Students address reducing carbon emissions, resettling refugees and prison reform with innovative solutions.
A team of four students is creating an app that will connect refugees to resources in their new communities and ease the workload on overburdened refugee-support organizations. Called DOXA after the Greek word for “opinion,” the app combines ideas behind popular apps like Coffee Meets Bagel and Coursera to create a centralized place where refugees can share their professional skills and learn about skills sought after by employers.
“Giving refugees a space to be part of a political community where they can show themselves and be heard is something we found to be really important,” said Jae June Lee ’17, a philosophy major from Cape Town, South Africa, who received funding from Davis Projects for Peace to Lee and his classmates, who plotted out the project over daily meals in Peirce Dining Hall, were chosen from a pool of 50,000 teams worldwide to compete for the Hult Prize, awarded to student startups that are tackling global issues.
Since graduating, the teammates have landed jobs at places like the Federal Reserve Board and JP Morgan Chase, but they continue to develop the app, which is being tested by a refugee agency in Columbus, Ohio.
When Kenyon pledged to achieve a net zero carbon footprint by 2040, three students went to work tracking how much energy it takes to run the College during the course of a year. They collected thousands of gas station receipts, air travel documents and electricity bills to gather data on things like employees’ commutes, students’ trips home on breaks and overseas for study-abroad programs, and power consumed by campus buildings.
“No one had ever broken down the carbon footprint of Kenyon before,” said Dani Huffman ’19, an environmental studies major from Granville, Ohio.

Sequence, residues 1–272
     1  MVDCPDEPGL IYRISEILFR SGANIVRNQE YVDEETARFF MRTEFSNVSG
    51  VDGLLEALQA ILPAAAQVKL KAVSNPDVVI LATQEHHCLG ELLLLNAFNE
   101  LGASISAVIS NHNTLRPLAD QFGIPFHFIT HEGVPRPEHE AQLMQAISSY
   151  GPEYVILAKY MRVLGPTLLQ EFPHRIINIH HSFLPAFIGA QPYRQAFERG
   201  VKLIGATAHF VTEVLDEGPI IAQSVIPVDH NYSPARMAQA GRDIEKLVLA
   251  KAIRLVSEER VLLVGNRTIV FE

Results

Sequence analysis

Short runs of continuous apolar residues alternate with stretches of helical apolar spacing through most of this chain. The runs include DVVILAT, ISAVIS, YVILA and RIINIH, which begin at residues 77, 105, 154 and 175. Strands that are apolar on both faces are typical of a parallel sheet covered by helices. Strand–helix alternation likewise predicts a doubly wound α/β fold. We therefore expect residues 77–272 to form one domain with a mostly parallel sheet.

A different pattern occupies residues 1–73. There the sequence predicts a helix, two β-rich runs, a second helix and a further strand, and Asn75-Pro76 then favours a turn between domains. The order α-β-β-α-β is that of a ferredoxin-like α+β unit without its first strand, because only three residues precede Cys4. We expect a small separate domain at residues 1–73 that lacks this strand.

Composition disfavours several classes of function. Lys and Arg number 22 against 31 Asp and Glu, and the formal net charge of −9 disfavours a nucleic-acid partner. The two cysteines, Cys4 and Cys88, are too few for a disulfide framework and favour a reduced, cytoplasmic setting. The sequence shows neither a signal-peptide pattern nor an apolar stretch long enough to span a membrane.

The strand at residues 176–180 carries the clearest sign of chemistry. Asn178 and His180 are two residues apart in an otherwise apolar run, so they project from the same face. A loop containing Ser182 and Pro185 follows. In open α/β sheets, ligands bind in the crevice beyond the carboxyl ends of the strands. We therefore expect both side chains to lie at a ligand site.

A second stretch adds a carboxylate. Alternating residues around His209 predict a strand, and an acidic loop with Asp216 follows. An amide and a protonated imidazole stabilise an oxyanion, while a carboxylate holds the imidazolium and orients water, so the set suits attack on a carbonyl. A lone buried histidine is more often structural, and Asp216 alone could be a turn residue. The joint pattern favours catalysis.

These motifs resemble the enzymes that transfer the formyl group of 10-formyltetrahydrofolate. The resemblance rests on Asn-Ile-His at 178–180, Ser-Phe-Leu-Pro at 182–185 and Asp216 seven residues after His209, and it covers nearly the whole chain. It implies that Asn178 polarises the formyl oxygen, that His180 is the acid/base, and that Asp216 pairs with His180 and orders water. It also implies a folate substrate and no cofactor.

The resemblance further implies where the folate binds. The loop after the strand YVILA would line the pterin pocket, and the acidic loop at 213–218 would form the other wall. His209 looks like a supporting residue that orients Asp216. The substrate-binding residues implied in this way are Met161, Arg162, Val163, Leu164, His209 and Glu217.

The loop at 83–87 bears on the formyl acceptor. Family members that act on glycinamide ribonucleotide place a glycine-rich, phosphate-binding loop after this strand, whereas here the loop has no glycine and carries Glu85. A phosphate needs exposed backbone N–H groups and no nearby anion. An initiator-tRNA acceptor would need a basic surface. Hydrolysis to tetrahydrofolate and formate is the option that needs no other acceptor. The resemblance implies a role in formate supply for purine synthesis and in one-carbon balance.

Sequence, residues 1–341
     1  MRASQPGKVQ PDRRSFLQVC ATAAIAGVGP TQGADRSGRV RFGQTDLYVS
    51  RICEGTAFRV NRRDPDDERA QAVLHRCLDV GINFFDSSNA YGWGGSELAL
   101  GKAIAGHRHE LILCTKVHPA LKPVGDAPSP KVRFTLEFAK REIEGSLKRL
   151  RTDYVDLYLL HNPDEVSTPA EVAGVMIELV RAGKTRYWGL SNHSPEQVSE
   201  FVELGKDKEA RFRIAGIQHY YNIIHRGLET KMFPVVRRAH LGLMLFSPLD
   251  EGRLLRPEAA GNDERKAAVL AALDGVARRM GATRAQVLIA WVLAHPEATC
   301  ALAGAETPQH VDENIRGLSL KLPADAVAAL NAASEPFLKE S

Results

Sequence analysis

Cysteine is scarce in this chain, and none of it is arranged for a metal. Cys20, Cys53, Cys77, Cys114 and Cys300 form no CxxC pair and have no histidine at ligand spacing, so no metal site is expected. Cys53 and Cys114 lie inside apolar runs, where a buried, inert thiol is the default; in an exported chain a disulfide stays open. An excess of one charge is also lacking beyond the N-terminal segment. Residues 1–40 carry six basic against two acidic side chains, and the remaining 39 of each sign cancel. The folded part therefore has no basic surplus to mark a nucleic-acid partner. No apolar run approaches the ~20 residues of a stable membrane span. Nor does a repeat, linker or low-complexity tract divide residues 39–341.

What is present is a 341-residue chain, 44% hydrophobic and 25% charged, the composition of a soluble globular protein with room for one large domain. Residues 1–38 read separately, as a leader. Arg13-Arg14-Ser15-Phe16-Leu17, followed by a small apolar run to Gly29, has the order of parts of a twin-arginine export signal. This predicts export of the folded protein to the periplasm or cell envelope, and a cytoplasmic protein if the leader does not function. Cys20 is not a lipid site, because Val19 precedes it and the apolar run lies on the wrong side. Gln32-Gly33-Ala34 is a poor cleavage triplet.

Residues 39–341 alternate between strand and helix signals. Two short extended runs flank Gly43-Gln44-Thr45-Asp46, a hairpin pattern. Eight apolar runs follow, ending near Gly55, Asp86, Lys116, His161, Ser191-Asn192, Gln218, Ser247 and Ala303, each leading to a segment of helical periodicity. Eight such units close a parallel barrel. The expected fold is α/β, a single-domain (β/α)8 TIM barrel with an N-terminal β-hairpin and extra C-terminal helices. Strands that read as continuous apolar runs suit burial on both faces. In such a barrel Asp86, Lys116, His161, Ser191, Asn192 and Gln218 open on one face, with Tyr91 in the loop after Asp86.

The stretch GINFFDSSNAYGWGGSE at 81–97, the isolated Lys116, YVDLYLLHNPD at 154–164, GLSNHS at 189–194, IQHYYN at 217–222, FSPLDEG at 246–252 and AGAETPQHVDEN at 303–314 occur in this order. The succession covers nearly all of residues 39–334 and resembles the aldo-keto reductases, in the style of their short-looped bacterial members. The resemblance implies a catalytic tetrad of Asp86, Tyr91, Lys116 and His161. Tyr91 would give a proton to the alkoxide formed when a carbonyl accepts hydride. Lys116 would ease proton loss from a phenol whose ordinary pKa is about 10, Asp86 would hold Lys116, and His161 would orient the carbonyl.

Huffman and her fellow interns in Kenyon's Office of Green Initiatives plugged their findings into software maintained by the University of New Hampshire that calculated how much carbon was emitted by one gallon of gas, one mile of air travel and so on. Their data showed that Kenyon’s biggest source of carbon emission is purchased electricity, accounting for 60 percent of the College’s carbon impact in 2015.
Huffman cited this data when proposing the installation of a solar panel system on campus as part of a physics course on solar power generation. The research she conducted with her classmates led to the installation of a system in Gambier — the second of its kind at Kenyon. A dozen more are being planned for students to install during the next eight years.
The Bard Prison Initiative, which allows incarcerated men and women to earn a degree from Bard College, inspired Maya Street-Sachs ’17 to start a similar program at Kenyon. “I knew that Kenyon could bring a liberal arts education behind bars,” she said.
The sociology major from New York City secured funding support as a Kenyon Summer Scholar to dig into the research on how educating prisoners reduces recidivism and increases their chances at post-release employment. She also enlisted the help of sociology and English professors Jennifer Johnson and Kathleen Fernando to make her plan a reality. Her work led to the College’s membership in the national Inside-Out Prison Exchange Program and the creation of a pilot course at Kenyon. In the fall of 2018, Fernando will teach 10 inmates and 10 Kenyon students at the Richland Correctional Institution in Mansfield, Ohio. The course, called “In Transit,” will focus in their lives.